What Is Marek’s Disease?
Marek’s disease is a type of avian cancer caused by a virus. It primarily affects chickens between the ages of 4 – 20 weeks. It can rarely affect turkeys. It is not zoonotic, which means it cannot be transmitted to humans. Marek’s is highly contagious and has been found all over the United States. It is spread through inhalation of feather dander/dust and excretions from infected chickens. Marek’s can also survive for months in the environment where previously infected birds were kept. It causes tumors throughout the body. Tumors in the nerves cause the most common symptoms: lameness, and eventually paralysis. Tumors can also occur in the eyes and internal organs causing blindness and greenish colored feces. It is not spread through the eggs laid by infected hens or the chicks that may result from hatching those eggs.
Common symptoms of Marek’s disease include:
- Paralysis (legs/wings/neck)
- Vision impairment or irregular iris shape/color
- Weight and muscle loss
- Depression and lethargy
- Greenish colored diarrhea
Diagnosis of Marek’s disease is typically done by necropsy but this is not definitive due to the fact Marek’s can mimic another disease called Avian Leukosis. Most recently there has become a PCR (Polymerase Chain Reaction) test available which can diagnose live birds by testing their DNA via a blood sample or deceased birds by a tissue sample. If you are interested in finding out more information on testing available in your area, you should reach out to your local University Extension.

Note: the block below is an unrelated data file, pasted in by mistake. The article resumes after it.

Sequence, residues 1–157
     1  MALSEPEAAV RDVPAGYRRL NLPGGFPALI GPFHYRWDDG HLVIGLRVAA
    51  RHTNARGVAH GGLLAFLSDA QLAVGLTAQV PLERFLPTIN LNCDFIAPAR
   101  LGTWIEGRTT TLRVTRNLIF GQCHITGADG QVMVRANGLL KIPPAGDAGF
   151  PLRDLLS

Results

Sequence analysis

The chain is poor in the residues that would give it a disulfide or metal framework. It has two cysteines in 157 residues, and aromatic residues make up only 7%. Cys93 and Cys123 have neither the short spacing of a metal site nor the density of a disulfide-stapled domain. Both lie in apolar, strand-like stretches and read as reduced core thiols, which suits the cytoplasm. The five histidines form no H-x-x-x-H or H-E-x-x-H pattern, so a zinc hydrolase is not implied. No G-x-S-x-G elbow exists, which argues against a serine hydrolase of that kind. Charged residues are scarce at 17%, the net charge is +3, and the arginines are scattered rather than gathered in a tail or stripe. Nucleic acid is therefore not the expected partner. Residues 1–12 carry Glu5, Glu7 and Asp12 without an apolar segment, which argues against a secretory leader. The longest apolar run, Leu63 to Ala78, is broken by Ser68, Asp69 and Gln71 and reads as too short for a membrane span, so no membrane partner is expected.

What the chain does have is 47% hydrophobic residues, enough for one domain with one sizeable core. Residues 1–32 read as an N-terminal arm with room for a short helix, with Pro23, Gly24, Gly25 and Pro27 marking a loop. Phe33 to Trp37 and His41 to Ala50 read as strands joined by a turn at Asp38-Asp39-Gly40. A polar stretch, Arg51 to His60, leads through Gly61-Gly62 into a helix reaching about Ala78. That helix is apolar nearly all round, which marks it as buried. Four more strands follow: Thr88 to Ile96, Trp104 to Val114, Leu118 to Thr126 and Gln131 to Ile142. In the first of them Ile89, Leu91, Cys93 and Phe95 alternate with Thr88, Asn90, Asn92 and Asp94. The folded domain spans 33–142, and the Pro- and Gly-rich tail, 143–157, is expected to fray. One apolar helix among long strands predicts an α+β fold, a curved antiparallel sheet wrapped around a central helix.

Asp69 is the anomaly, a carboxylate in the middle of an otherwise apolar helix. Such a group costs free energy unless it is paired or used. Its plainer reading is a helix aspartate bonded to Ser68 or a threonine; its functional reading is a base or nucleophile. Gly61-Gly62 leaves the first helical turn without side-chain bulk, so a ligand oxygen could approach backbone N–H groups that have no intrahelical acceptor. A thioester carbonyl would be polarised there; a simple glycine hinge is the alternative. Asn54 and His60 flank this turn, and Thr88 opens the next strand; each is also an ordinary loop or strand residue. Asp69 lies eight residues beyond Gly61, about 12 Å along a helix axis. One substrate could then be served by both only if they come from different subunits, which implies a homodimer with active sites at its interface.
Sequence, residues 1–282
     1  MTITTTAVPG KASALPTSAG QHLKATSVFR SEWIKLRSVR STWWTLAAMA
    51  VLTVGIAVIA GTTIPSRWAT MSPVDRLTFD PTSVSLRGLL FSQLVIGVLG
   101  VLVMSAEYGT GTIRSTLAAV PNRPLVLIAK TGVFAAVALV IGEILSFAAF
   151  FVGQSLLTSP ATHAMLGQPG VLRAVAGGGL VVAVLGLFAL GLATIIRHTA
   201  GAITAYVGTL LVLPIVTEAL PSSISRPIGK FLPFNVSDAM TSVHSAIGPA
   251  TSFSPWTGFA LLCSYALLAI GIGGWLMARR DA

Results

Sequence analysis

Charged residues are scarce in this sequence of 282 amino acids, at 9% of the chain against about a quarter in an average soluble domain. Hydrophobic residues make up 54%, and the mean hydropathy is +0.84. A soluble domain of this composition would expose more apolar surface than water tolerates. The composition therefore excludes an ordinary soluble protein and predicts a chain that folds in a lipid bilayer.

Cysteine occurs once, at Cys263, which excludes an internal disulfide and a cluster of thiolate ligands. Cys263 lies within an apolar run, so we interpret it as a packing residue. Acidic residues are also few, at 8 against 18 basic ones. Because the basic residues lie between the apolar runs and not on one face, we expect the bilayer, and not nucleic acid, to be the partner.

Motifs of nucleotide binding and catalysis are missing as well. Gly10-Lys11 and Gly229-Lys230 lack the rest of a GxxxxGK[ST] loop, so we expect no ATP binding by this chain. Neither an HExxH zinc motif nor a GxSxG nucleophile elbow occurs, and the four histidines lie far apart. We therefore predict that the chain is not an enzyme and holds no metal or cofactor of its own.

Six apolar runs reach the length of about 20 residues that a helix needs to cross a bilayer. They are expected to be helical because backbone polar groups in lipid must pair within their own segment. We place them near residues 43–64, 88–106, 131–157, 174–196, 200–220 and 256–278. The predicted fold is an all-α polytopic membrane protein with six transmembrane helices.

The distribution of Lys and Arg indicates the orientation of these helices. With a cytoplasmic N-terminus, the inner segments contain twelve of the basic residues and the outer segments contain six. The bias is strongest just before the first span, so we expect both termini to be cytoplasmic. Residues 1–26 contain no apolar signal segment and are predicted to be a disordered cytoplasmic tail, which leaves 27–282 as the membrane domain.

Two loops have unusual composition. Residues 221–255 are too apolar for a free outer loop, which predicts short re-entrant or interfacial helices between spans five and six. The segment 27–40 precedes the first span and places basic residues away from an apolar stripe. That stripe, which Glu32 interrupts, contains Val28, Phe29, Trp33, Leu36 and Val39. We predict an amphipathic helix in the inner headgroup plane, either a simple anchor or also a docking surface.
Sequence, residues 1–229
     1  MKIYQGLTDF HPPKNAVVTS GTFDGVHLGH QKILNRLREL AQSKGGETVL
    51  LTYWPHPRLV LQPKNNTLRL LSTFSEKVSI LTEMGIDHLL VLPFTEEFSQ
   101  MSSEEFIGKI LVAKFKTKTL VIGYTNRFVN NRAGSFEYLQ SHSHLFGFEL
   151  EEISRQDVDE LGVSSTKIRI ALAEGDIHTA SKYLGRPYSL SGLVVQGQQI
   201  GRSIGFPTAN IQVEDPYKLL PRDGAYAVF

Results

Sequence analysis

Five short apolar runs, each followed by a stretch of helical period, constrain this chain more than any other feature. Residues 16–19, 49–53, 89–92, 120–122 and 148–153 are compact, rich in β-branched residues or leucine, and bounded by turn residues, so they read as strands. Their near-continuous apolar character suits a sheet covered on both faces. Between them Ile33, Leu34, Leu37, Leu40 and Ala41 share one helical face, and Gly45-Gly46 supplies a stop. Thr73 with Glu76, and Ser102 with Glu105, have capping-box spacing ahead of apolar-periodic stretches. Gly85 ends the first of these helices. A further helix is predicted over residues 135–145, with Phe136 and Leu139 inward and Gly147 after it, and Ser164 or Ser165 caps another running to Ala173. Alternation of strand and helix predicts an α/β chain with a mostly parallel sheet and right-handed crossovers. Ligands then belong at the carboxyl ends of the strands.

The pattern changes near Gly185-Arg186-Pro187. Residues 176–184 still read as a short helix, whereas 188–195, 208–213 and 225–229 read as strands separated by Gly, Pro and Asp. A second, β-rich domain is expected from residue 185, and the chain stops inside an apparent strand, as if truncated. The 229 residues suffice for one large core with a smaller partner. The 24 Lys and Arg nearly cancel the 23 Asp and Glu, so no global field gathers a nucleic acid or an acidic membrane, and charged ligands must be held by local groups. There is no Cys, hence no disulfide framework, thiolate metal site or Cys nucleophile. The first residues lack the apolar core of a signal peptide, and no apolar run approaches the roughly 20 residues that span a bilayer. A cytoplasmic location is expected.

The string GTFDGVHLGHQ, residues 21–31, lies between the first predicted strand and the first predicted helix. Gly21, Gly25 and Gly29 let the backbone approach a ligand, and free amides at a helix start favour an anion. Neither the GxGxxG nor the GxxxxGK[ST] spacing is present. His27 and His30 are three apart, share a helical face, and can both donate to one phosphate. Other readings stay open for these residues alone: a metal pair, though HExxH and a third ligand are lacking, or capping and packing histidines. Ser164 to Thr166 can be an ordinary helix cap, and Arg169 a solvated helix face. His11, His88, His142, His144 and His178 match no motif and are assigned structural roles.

There is currently no known treatment for Marek’s, but thankfully there is a vaccine available! The vaccine is injected in the back of a chick’s neck just under the skin within 24 hours after hatching. It’s important to remember the vaccine does not prevent chickens from acquiring or spreading Marek’s but it does help reduce the severity of clinical signs and even death. Other methods of prevention are sanitary control procedures, strict biosecurity practices, and genetic selection (breeding for resistance).
You should consider vaccinating your flock if…
- You plan to show or attend fairs
- You have known exposure of current birds or environment
- You attend swaps or purchase birds with an unknown history
Here at Meyer Hatchery, we offer the Marek’s vaccine for our day-old chicks. You can select this option at check-out. We also offer a Marek’s Disease vaccination kit should you want to vaccinate your own chicks hatched at home. Please keep in mind the vaccine takes several weeks before immunity is effective, so care should be taken to lessen exposure to the disease during this time.
Related Posts You Might Like
Any poultry illness can potentially become a national outbreak if backyard poultry owners fail to do their part in maintaining good biosecurity practices. Let’s outline the main points of good biosecurity for a backyard flock owner.
The frizzle feathering sometimes found in chickens is a rare occurrence, and therefore highly desired in some breeds. Here is an overview of how the frizzle feather mutation occurs and why not all chicks sold as frizzles will have frizzled feathers.
Meyer Hatchery carries a variety of exotic pheasants for you. Good beginner pheasants (easier) are the Red Golden, Yellow Golden, other color variations of the Goldens, and the Lady Amherst. The other species are more challenging and considered an experience or advanced species. Please remember, this guide is a general overview of exotic pheasants.